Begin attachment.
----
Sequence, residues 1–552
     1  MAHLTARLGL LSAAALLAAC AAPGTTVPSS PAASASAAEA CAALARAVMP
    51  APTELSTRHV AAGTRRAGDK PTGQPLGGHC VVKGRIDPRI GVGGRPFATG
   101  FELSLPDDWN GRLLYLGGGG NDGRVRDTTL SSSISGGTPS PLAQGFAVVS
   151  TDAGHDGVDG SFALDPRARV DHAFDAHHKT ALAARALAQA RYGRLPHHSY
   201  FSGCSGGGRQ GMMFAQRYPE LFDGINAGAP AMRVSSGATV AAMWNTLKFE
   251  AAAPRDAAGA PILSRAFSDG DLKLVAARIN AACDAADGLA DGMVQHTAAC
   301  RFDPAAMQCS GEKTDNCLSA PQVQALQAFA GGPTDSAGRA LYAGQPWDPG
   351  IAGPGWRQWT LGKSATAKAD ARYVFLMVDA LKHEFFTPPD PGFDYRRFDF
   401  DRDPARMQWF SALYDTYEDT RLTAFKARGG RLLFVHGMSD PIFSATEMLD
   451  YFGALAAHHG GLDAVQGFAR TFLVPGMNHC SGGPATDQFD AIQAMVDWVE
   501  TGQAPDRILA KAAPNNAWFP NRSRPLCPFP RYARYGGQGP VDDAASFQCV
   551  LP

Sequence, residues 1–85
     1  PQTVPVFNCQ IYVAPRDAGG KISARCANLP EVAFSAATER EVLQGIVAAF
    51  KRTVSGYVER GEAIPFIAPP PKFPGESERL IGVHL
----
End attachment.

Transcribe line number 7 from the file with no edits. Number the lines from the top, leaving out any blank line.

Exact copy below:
   251  AAAPRDAAGA PILSRAFSDG DLKLVAARIN AACDAADGLA DGMVQHTAAC